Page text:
The camera has always been integral to Gerd Winner’s work. Prowling the streets with a Polaroid in hand, he looks to traffic signs, road markings, blocks of flats and articulated lorries in search of hidden instances of meaning among the criss-crossing lines of urban silhouettes.
A particular configuration might jump out – zigzag shadows under a New York fire escape, or plaster peeling around an emergency exit – and is snapped by the artist, the instant photograph stashed away for subsequent experimentation. Printed large, each snapshot becomes a resonant composition, its shapes and symbols decontextualised from their setting and lent a peculiar significance all their own.
Winner is just one of a number of contemporaries for whom innovations in the realm of screenprinting in the 1950s and ‘60s opened up a new world of printmaking possibilities. Through the use of stencils, artists could reproduce multiple images derived from diverse sources, side by side, on a monotextural plane.
For proponents of the medium, from Rauschenberg in the US to Paolozzi, Kitaj, and Hamilton in the UK, the screenprint was revolutionary: it allowed disparate pop culture fragments, be they torn comic strip panels, pin-up postcards, or pulp fiction book covers, to coexist within a flat, collaged image, their collocation prompting discussion on the value of the original material.
For Winner, it was not paper ephemera that held his interest but the very fabric of the city itself: crumbling edifices that become abstracted faces, their smile the patinated grill of a warehouse shutter, or the steel containers of parked lorries bedecked with lurid warning stripes.
Crucially, each photographic reproduction could be broken down by shape, surface, texture, or tone into separate layers of screenprint stencils. Specific elements could then be isolated and exaggerated through enhanced colour or overlay: in one series of prints, juxtaposed lines at a junction are framed as if a giant crucifixion underfoot, an intersection stigmata in thermoplastic paint set against a backdrop of tar-black bitumen.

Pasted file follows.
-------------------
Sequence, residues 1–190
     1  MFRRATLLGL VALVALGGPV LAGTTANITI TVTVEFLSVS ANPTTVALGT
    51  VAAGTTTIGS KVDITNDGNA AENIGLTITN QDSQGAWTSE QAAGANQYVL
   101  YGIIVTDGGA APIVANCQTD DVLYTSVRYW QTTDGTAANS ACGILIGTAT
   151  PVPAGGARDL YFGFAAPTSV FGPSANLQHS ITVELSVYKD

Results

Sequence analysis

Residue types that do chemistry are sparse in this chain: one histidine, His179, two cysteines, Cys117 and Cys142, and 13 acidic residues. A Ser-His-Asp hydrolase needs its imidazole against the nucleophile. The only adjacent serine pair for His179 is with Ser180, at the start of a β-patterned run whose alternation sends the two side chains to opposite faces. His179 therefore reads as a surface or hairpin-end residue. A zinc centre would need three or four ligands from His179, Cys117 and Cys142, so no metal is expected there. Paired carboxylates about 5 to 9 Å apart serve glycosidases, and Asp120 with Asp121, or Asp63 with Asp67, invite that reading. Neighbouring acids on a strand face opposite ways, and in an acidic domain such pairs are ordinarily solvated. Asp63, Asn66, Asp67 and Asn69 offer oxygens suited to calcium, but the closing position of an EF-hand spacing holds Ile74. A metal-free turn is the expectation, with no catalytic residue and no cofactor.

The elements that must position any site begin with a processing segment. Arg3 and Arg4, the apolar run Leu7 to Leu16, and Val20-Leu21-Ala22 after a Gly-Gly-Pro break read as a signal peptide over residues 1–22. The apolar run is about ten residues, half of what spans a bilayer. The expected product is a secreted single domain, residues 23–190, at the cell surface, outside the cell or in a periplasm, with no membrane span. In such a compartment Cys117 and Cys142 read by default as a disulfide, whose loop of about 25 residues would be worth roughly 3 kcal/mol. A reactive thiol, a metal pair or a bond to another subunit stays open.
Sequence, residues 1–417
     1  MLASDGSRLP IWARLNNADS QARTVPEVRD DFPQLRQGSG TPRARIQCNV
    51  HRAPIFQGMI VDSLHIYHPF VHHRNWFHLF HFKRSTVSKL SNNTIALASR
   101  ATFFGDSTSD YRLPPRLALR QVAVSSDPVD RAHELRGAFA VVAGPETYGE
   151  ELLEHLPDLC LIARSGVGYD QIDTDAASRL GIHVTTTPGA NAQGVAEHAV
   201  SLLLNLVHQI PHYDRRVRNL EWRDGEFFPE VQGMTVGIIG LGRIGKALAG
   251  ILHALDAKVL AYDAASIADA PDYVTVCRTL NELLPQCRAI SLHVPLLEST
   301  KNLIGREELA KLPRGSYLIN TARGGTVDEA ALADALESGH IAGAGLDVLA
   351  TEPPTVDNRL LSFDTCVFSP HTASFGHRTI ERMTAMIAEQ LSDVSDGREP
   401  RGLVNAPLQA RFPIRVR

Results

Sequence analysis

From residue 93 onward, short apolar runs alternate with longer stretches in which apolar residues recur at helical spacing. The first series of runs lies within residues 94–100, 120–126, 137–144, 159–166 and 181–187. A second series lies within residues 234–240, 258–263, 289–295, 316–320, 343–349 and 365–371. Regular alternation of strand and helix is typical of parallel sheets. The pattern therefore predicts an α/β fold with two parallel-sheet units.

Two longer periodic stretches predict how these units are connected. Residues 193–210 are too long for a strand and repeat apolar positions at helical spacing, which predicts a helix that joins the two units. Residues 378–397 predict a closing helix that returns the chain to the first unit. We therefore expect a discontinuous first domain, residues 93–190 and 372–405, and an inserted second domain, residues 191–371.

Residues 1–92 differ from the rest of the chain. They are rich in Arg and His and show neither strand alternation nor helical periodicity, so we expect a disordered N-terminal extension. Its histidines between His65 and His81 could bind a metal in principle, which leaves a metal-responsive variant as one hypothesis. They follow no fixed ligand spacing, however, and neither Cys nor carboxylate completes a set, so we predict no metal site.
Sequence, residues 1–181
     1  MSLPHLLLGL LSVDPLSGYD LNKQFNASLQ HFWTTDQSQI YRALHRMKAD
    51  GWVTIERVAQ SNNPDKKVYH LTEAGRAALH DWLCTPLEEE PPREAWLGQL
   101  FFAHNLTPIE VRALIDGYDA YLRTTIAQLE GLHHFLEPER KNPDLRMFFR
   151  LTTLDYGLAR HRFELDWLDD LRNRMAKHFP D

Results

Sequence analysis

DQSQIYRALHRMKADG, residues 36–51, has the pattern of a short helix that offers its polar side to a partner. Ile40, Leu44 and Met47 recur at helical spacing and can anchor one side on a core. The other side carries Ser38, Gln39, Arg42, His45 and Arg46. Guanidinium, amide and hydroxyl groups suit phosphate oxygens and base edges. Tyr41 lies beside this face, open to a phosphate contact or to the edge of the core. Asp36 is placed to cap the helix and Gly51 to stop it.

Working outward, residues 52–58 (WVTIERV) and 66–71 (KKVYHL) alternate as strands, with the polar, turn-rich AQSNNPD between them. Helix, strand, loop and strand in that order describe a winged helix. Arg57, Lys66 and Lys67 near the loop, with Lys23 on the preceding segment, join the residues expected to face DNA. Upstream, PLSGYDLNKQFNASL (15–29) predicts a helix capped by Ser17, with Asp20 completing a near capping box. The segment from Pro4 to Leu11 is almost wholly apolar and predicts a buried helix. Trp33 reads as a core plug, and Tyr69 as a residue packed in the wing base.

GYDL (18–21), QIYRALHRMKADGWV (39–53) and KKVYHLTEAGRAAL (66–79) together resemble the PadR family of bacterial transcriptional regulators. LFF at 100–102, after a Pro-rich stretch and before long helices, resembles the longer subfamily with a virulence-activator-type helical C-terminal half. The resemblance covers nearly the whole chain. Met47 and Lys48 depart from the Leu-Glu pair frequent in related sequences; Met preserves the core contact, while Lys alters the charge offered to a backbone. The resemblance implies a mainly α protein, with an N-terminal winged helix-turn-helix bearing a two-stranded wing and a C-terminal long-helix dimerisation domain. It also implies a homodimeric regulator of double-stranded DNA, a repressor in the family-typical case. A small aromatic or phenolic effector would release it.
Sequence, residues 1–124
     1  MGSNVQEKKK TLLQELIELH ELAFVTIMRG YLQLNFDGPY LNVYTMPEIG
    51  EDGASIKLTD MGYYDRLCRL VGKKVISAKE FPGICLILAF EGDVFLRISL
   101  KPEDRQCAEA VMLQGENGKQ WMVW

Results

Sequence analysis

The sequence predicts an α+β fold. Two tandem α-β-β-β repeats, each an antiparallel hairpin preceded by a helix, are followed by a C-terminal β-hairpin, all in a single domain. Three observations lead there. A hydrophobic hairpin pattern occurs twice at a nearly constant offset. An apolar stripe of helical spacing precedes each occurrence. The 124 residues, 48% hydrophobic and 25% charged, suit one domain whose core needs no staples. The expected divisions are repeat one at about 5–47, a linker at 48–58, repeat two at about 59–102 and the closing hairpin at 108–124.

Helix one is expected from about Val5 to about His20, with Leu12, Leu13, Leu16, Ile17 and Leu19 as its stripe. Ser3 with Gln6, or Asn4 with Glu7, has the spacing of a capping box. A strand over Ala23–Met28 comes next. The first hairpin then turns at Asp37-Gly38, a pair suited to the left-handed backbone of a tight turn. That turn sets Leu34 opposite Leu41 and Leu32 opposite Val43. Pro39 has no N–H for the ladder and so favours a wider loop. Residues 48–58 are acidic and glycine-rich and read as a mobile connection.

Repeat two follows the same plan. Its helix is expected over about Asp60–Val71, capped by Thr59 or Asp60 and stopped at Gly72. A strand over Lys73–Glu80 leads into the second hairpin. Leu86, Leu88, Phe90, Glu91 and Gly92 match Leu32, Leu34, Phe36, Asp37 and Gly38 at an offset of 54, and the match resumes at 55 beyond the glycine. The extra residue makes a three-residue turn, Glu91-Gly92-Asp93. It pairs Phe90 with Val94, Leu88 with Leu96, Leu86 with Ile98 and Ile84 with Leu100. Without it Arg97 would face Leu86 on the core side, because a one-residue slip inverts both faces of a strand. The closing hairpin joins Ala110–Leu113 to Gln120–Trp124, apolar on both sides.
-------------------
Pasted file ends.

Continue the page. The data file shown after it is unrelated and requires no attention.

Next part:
Many of Winner’s most popular works, from the brooding Berlin suite to views of the London docklands, were editioned with the help of master printer Chris Prater of the now legendary Kelpra Studios.
A pioneer of screenprinting’s stencilling processes, Prater’s immense technical skills enabled Winner to achieve the throbbing depth of colour in his ‘Lorry’ prints, or the astonishing hyper-realist finish of his architectural suites, matching the disintegrating surfaces of apartment block walls brick for brick.
Through the frame of a camera viewfinder, Winner’s seemingly simple photographic arrangements point to a world of oblique words, signs, and symbols embedded within our everyday environment, of shapes and abstractions quietly communicating through the medium of brick wall or weathered steel. Relocated to the page via film and stencil and laid out in vivid layers of ink, their imaginative power is plain to see.